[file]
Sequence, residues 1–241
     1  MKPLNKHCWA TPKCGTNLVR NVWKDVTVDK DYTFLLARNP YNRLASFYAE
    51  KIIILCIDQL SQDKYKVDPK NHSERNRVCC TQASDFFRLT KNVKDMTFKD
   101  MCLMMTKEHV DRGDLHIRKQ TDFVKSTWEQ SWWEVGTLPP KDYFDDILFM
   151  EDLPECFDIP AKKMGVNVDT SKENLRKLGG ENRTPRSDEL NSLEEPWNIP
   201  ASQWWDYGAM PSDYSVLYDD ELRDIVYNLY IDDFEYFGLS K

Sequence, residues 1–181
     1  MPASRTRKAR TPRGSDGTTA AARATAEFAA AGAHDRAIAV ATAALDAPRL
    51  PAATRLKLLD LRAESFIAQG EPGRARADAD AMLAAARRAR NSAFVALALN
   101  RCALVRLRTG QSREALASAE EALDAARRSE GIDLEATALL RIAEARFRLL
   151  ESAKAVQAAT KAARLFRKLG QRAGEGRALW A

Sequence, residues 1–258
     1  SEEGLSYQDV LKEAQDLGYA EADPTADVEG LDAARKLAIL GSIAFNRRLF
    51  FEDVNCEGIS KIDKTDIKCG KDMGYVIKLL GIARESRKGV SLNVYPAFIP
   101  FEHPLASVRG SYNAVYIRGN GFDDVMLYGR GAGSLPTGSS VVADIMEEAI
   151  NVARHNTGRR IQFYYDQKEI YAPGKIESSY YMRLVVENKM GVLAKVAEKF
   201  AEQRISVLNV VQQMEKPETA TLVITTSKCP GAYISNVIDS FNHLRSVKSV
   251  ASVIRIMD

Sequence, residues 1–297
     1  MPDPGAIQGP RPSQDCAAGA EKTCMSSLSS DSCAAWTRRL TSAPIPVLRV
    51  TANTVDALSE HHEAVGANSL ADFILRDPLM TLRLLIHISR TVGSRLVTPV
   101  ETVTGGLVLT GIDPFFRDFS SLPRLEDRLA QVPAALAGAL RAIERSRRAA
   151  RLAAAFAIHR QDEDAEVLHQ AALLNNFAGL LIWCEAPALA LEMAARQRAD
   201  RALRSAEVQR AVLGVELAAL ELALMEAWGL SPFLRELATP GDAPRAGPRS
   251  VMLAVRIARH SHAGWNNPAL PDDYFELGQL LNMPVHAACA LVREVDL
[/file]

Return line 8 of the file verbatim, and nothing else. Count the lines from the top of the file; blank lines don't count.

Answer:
     1  MPASRTRKAR TPRGSDGTTA AARATAEFAA AGAHDRAIAV ATAALDAPRL